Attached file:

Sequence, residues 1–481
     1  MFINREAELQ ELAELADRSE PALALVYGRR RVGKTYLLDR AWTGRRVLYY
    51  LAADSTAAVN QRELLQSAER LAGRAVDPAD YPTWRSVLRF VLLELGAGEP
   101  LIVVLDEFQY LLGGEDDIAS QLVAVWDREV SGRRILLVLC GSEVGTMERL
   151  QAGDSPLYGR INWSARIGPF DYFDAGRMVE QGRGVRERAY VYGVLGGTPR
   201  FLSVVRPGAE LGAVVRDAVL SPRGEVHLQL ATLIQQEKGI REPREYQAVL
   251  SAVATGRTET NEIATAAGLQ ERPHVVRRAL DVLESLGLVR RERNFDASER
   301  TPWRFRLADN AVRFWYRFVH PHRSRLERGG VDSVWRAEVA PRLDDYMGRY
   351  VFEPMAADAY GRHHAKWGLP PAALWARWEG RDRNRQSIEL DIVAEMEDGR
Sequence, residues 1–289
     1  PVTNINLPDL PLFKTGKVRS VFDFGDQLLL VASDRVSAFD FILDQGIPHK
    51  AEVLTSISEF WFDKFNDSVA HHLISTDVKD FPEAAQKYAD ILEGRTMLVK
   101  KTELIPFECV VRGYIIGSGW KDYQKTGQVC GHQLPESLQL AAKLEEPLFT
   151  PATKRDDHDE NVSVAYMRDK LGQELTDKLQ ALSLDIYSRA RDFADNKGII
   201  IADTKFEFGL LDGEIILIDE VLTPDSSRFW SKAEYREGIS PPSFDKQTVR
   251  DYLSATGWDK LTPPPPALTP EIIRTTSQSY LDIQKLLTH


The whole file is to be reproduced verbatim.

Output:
Sequence, residues 1–481
     1  MFINREAELQ ELAELADRSE PALALVYGRR RVGKTYLLDR AWTGRRVLYY
    51  LAADSTAAVN QRELLQSAER LAGRAVDPAD YPTWRSVLRF VLLELGAGEP
   101  LIVVLDEFQY LLGGEDDIAS QLVAVWDREV SGRRILLVLC GSEVGTMERL
   151  QAGDSPLYGR INWSARIGPF DYFDAGRMVE QGRGVRERAY VYGVLGGTPR
   201  FLSVVRPGAE LGAVVRDAVL SPRGEVHLQL ATLIQQEKGI REPREYQAVL
   251  SAVATGRTET NEIATAAGLQ ERPHVVRRAL DVLESLGLVR RERNFDASER
   301  TPWRFRLADN AVRFWYRFVH PHRSRLERGG VDSVWRAEVA PRLDDYMGRY
   351  VFEPMAADAY GRHHAKWGLP PAALWARWEG RDRNRQSIEL DIVAEMEDGR
Sequence, residues 1–289
     1  PVTNINLPDL PLFKTGKVRS VFDFGDQLLL VASDRVSAFD FILDQGIPHK
    51  AEVLTSISEF WFDKFNDSVA HHLISTDVKD FPEAAQKYAD ILEGRTMLVK
   101  KTELIPFECV VRGYIIGSGW KDYQKTGQVC GHQLPESLQL AAKLEEPLFT
   151  PATKRDDHDE NVSVAYMRDK LGQELTDKLQ ALSLDIYSRA RDFADNKGII
   201  IADTKFEFGL LDGEIILIDE VLTPDSSRFW SKAEYREGIS PPSFDKQTVR
   251  DYLSATGWDK LTPPPPALTP EIIRTTSQSY LDIQKLLTH